Short Stories

from The Casebook of Malcolm Boxer-Basset

Women! You can’t tell them anything. I know. I live with two of them in a big old house in a little place outside Washington, DC called Old Towne. Hey, I heard that snicker. Get your mind out of the gutter. They own the place. They’re my landladies. I’m their tenant. And over the years we’ve become pretty good friends.
I’m Malcolm Boxer-Basset. I know, what were my parents’ thinking? Right? But a name like that makes you tough – fast. And in my line of work I need to be tough. I’m in Security. I keep people safe.
My landladies, Daisy and Rose, own this big Victorian right in the antiques center of the town. Antiques! I never got the charm. I like new, shiny and comfortable. Anyhoo, the two of them have this neat little business on the first floor and they live upstairs. I have my own room, of course, but we’re all friends here. I have the run of the house. What can I say, they love me!
Those gals even built a great little shed out back for me –a man-cave! Sometimes a guy just needs to be alone with his thoughts. Sometimes he likes to have some friends in for a friendly game of poker or a little shop talk.
But I digress. I know it’s not PC to say so, but the gals are pretty helpless. If they didn’t have me around to keep an eye on things some mighty nasty stuff would have gone down.
Like last December. There was this jerk who was definitely one kumquat short of a fruit basket running around Old Towne, scaring people witless. I figured out who it had to be early in the game, but does anyone listen to the professional? Not on your life. Women never listen.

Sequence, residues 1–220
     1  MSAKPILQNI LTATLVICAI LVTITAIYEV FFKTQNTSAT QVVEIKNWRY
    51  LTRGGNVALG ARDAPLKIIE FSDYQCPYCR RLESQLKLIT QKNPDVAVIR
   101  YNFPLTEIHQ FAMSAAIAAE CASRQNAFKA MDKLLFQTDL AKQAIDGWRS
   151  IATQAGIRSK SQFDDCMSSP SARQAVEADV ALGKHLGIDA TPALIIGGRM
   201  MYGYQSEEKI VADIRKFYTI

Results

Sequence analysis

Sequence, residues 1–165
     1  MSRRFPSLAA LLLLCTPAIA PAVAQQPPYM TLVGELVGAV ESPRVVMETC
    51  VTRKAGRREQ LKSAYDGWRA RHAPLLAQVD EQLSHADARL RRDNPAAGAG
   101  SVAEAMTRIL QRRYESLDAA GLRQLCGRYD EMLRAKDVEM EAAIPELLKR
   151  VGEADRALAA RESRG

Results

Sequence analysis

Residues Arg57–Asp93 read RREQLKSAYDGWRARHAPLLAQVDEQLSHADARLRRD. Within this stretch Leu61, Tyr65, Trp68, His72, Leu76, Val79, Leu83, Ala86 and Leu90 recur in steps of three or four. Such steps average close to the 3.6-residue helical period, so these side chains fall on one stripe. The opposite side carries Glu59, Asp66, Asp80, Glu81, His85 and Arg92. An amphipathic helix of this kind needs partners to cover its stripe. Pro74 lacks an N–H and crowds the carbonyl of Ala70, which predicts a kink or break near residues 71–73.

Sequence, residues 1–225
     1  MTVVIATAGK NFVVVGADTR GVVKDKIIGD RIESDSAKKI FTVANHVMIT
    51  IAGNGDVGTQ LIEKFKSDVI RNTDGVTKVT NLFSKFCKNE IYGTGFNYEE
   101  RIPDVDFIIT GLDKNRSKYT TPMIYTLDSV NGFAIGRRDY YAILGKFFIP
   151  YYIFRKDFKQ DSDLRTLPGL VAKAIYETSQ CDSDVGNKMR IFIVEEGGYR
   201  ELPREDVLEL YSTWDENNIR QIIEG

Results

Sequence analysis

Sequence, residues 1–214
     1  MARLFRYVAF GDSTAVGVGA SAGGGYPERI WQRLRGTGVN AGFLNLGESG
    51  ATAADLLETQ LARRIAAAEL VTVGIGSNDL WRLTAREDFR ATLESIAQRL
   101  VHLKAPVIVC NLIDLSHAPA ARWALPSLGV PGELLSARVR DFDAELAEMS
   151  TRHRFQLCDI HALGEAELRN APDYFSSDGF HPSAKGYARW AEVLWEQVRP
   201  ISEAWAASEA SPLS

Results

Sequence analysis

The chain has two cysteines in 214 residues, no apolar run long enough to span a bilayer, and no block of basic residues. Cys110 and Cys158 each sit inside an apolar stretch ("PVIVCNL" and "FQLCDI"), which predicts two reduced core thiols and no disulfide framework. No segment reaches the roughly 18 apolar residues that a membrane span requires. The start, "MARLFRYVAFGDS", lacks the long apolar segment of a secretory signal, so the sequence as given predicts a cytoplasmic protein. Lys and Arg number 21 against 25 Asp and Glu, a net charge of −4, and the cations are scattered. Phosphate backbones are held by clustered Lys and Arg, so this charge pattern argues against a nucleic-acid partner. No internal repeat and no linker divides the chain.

Well, things almost went pear-shaped one afternoon. The girls were planning a party for that night and Daisy, the cute little blond, was alone in the shop putting the finishing touches on the place when she was ambushed by this loon. She was just inches away from being sliced and diced when I happened to return from a long day of investigating. I took the psycho down with one of my patented maneuvers and waited till the cops got there.
After that, you’d think they’d listen when I talked. But nooooo. Just one boozy night getting over the shock and making drunken promises to take me seriously in future, then it was right back to what does Malcolm know?
Well, let me tell you, not six months later everybody and his mother in our little berg is being blackmailed by another fruit loop. This town seems to be a veritable Winesap orchard, I kid you not. Of course, I knew who it had to be, but those two gals just smiled and shook their pretty heads. They wanted proof. I had no proof, just my gut instinct. But, baby, my instinct is never wrong!